Thursday, April 21, 2011

The fifty most influential rabbis in America and the rise of Habad

This past week Newsweek and the Daily Beast came out with its list of the fifty most influential Rabbis in America. Sadly, I must admit that I didn’t make the list once again. Maybe I was close but who knows. I’ll try harder for next year’s list.
The list gives criterion for how the reviewers decide who gets onto the list. What I noticed that was different was that more women appeared on the list. That is a good thing. Second, I took a step back to acknowledge the fact that Rabbi Yehuda Krinsky, the titular head of Habad in Crown Heights, Brooklyn was rated number one this year for the most influential rabbi in America. For years Rabbi Krinsky was the second in command to Rabbi Menachem Mendel Schneersohn, the famed and revered Lubavitch Rabbi that led Habad and touched many souls. His imprint is still felt upon Habad. Rabbi Krinsky does not pretend to have that kind of charisma but has continued to build the international organization of Habad throughout the world. The fact that a Hasidic rabbi in America garners the award for the most influential rabbi should give us all pause for reflection.
His number one status represents a great symbolic achievement for Habad. Who would have imagined decades ago that the most influential rabbi in America would have been a black hat rabbi from Crown Heights, Brooklyn? It is not just about Rabbi Krinisky. The underlying point is that this media ordained award demonstrates that the entire Habad movement is an equal player as any of the major branches of Judaism.
Having served congregations in communities where Habad rabbis also served, I can attest to the challenges of working with them. Their approach is not necessarily community based or collaborative. They do not generally join the rabbinical groups where rabbis from the other branches meet and discuss issues in the community. They refrain from being participants with other Jewish organizations in community based events. They choose to do their own thing and many times get a powerful constituency to follow and support them. Many of their successes are funded by Reform, Conservative and Orthodox Jews let alone unaffiliated Jews. That constituency is really what they specialize in attracting. They are great at reaching out to the people on the fringes who just do not feel comfortable in more mainstream organizations. Sometimes it is about money and other times they see in the Habad movement rabbinical couples who run their synagogues with such passion and commitment  which in turn draws a dedicated cadre into their community.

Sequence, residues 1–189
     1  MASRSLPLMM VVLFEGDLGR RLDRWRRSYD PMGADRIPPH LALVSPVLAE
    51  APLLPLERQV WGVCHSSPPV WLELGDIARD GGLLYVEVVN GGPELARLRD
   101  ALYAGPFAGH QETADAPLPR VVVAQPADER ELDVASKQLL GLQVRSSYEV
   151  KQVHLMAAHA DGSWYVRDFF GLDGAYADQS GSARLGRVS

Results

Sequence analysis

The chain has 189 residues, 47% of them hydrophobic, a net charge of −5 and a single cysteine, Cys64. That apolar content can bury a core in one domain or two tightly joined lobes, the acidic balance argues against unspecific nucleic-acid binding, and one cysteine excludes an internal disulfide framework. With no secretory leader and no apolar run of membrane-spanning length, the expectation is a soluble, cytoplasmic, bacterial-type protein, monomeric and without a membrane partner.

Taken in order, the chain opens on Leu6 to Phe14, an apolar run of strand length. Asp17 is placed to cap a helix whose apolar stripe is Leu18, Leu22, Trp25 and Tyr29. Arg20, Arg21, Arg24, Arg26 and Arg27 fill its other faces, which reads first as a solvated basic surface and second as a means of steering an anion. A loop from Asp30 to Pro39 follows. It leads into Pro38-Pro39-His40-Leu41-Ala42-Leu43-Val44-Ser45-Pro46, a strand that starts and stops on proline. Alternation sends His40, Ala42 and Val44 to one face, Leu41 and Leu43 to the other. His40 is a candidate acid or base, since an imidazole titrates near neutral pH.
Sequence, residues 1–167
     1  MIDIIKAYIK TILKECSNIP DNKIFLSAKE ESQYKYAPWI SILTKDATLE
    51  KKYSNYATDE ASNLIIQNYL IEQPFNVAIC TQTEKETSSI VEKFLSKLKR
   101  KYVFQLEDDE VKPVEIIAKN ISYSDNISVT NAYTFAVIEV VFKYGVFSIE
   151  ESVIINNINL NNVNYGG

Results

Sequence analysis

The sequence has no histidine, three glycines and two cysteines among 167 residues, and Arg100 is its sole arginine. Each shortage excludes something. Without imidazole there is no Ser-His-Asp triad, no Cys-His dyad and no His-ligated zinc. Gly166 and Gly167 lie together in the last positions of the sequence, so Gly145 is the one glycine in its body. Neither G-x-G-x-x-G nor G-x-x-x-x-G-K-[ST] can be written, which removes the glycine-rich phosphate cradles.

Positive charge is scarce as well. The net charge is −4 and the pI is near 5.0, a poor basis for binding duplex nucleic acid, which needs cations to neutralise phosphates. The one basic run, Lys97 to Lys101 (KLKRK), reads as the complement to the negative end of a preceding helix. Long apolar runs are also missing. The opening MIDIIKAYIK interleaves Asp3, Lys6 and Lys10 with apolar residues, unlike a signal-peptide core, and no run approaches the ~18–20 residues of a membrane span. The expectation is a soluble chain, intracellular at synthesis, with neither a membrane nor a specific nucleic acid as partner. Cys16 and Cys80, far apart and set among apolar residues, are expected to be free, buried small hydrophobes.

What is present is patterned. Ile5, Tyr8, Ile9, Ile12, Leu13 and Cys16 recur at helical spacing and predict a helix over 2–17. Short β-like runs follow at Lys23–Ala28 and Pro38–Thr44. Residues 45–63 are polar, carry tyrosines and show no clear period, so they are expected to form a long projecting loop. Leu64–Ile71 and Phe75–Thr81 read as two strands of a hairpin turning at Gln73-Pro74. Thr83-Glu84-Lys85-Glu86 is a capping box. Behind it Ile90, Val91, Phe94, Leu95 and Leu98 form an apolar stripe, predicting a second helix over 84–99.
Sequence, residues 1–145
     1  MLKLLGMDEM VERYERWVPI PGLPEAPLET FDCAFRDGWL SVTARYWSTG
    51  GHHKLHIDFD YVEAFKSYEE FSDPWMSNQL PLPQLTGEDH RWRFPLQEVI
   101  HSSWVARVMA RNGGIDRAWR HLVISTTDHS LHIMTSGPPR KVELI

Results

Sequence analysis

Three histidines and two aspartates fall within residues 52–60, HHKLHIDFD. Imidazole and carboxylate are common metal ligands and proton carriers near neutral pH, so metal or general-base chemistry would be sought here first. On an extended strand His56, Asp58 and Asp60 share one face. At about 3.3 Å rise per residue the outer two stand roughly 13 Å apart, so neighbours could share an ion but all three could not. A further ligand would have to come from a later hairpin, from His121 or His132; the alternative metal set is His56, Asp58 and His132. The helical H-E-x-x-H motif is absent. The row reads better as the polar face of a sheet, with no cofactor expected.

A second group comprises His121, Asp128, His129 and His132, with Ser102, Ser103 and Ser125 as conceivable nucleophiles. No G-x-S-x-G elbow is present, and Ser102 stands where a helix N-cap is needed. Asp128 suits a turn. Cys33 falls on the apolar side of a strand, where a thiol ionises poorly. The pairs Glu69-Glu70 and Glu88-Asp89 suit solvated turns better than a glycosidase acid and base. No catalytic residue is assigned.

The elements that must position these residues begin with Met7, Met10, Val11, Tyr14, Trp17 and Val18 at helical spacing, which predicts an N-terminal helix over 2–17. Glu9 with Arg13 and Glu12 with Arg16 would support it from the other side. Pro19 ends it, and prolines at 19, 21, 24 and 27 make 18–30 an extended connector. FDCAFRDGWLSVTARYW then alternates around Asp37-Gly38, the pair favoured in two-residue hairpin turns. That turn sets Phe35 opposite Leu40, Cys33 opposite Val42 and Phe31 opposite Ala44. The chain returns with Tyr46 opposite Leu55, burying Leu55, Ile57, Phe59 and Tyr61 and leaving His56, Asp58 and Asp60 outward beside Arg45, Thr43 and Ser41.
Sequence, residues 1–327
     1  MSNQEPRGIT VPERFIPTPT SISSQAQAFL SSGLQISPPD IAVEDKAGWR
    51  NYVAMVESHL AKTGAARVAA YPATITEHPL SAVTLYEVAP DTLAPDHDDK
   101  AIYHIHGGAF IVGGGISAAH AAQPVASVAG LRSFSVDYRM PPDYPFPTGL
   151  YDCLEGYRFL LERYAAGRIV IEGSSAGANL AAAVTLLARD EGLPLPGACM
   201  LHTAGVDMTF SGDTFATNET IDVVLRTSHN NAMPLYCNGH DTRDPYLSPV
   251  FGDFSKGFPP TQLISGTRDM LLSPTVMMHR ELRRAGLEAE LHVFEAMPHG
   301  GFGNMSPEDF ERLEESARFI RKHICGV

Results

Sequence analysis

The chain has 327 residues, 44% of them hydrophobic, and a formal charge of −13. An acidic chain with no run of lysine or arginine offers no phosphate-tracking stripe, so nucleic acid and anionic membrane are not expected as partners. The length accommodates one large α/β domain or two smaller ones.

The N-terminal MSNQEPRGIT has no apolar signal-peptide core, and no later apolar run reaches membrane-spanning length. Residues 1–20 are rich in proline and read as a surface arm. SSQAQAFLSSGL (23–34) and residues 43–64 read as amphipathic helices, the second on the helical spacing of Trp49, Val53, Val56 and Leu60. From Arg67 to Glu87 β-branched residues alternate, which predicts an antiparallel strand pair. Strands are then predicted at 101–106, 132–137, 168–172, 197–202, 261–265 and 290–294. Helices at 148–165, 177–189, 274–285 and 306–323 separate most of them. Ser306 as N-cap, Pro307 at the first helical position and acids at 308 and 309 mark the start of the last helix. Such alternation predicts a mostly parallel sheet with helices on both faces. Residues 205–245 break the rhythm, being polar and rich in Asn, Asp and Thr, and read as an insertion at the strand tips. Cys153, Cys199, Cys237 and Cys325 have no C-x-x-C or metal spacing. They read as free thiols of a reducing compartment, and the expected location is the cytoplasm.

Trust me when I say that many of the major branches cry foul at the various strategies Habad employs to get publicity or, for example, convince political leaders to let them put their gigantic Hanukah menorahs on public property and light them at Hanukah. This always stirs anger from the mainstream Jewish community regarding the principle of prayer on public spaces. Yet they do it regardless.